However, defendants McKune, Bartz, and Pantano are prejudiced by plaintiff's delay in service. The case against these three defendants has been pending since November 2011. If the Court were to grant a permissive extension of time to serve these defendants, it would allow plaintiff to serve them after the statute of limitations has run. Our Court has recognized the prejudicial effect of allowing service beyond the limitations period: "[W]ith the passage of time, evidence grows stale, witnesses become harder to locate, and witness recollections often fade.'" Searles, 2010 WL 4861123, at *3 (quoting Bradley v. Frito Lay, Inc., No. 07-4054-JAR, 2008 WL 695224, at *1 (D. Kan. Mar. 7, 2008)). Moreover, the Court already has granted summary judgment for the other defendants on plaintiff's § 1983 claim because the uncontroverted evidence, as a matter of law, fails to demonstrate that those defendants violated plaintiff's constitutional rights. (Doc. 145) The Court finds that the factors weigh against a permissive extension.

The Court also declines to grant plaintiff a permissive extension for three more reasons. Plaintiff failed to effect service on these defendants within the time requirements of Fed.R.Civ.P. 4(m), failed to provide sufficient contact information for the Court to do so, and failed to provide good cause for the Court to find that an opportunity exists to cure the service deficiency in the future.

In his responses to the Court's Order to show cause, plaintiff claims that the Marshal's Service may serve the three defendants by sending the Complaint and Summons to the Kansas Secretary of Corrections and the Kansas Attorney General. Plaintiff must serve the three defendants in accordance with the requirements of Fed.R.Civ.P. 4(e), governing service on individual defendants. This rule provides that a plaintiff may accomplish personal service by: (1) delivery on the individual personally, (2) delivery at the individual's dwelling or usual place of abode, (3) delivery on the individual's authorized agent, or (4) following Kansas state laws governing service. See Fed.R.Civ.P. 4(e). Kansas law provides that service upon an individual must be made: (1) by serving the individual or (2) by serving an agent authorized by appointment or by law to receive service of process. K.S.A. § 60-304(a). The Kansas statute also provides:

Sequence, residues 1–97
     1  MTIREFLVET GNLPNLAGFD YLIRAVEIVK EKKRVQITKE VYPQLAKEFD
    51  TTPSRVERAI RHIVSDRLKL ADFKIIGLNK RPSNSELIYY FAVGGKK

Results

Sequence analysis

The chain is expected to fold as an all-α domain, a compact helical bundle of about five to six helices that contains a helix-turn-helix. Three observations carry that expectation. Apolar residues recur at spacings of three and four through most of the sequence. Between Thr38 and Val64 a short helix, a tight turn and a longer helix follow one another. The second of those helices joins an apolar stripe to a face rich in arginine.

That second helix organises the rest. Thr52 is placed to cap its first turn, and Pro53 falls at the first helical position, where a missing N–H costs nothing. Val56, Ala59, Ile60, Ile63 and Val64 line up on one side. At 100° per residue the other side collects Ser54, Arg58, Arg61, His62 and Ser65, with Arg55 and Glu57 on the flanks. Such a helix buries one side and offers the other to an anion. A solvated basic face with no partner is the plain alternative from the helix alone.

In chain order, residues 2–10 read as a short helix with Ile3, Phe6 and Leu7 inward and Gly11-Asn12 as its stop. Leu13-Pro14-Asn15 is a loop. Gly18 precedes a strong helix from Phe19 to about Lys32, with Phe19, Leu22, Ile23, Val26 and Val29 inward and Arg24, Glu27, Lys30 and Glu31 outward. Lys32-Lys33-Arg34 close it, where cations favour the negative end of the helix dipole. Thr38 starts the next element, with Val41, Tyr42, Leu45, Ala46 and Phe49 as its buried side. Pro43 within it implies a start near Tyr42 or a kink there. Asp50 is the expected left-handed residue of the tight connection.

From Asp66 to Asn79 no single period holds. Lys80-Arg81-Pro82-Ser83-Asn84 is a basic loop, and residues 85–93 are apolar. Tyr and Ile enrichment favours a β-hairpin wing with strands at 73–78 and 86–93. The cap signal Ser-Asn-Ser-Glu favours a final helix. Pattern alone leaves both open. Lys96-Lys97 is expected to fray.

Service by return receipt delivery shall be addressed to an individual at the individual's dwelling house or usual place of abode and to an authorized agent at the agent's usual or designated address. If the sheriff, party or party's attorney files a return of service stating that the return receipt delivery to the individual at the individual's dwelling or usual place of abode was refused or unclaimed and that a business address is known for the individual, the sheriff, party or party's attorney may complete service by return receipt delivery, addressed to the individual at the individual's business address.